A project team based at the department of computer science at Trinity College Dublin (TCD) has developed new software which it says could lead to consumers being able to make low-cost mobile phone calls from anywhere in the world.
Codenamed ‘Metakall’, this is the first software of its kind in the world, according to TCD. It uses public wireless hotspots and the internet as the network infrastructure.
During a month-long trial, starting today, users will be able to download call credit to try out the new system.
Users first have to register for the trials on www.metakall.com and will receive scratch codes, which can then be converted to call credit. In turn, the call credit can be used to make mobile calls using Skype, Fring, SIP or any of the widely used internet phone systems.
“The possibilities for this new technology are huge. For the first time, users will be able to make low-cost calls from any part of the world using a handset or other mobile device, and will be able to seamlessly roam from one wireless hotspot area to another,” said Professor Donal O’Mahony, Metakall project director.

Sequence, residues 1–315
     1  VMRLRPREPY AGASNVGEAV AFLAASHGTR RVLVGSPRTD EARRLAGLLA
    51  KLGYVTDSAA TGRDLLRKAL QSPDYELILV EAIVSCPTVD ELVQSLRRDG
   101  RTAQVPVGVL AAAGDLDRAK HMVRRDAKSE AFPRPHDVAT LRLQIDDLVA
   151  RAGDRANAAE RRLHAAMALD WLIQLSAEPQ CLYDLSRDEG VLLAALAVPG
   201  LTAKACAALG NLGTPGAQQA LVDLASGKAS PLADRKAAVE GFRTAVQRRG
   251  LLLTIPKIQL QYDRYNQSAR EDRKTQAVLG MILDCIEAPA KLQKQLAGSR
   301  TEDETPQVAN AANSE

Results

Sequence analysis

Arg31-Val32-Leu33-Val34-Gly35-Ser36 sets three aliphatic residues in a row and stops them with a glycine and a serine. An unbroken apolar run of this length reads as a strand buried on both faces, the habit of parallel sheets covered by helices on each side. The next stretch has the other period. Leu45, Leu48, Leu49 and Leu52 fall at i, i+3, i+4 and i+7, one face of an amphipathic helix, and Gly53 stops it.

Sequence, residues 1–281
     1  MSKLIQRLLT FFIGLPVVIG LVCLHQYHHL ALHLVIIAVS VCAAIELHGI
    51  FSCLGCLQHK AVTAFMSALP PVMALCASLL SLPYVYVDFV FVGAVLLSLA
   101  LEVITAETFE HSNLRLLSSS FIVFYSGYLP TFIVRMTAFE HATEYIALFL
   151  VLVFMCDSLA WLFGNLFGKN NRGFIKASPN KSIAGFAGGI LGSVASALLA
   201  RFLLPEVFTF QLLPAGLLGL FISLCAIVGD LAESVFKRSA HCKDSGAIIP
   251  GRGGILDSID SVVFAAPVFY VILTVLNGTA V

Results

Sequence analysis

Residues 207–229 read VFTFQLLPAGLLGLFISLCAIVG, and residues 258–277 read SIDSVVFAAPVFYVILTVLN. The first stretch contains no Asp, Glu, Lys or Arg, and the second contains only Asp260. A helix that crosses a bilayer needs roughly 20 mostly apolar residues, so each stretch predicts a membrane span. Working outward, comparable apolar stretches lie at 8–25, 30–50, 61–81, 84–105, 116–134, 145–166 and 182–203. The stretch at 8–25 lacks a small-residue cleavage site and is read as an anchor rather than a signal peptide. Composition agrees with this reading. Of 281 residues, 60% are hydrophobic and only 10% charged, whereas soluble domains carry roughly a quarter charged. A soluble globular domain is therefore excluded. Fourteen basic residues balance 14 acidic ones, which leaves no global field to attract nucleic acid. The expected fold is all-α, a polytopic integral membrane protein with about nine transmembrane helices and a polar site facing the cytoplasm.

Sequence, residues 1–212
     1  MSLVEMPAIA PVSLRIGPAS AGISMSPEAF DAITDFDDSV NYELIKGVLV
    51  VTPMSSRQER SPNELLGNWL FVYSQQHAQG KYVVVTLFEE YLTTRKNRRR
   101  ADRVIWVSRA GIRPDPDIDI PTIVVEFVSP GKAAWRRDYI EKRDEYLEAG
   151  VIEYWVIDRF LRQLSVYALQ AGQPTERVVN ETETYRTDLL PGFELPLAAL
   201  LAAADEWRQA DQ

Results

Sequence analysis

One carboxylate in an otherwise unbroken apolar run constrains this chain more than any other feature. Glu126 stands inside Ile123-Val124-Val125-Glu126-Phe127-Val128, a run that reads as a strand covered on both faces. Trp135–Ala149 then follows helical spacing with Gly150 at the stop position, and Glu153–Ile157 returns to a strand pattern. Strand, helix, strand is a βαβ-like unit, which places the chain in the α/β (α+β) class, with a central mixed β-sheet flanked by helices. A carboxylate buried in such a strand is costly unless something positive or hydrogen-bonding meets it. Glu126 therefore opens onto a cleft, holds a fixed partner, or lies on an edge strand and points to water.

The Metakall project team secured €400,000 in funding from Enterprise Ireland last year for the initial development of the new technology. Now, the centre is looking to partner with handset vendors and manufacturers as well as wireless hotspot operators to commercialise the software and bring the service to market.
“As an alternative to cellular telephony, Metakall will open up new revenue streams for firms in the mobile industry, such as operators of Wi-Fi hotspots, and will boost the demand for low-cost handsets. With the right support, this service can be rolled out worldwide over a very short time period,” said O’Mahony.
By Sorcha Corcoran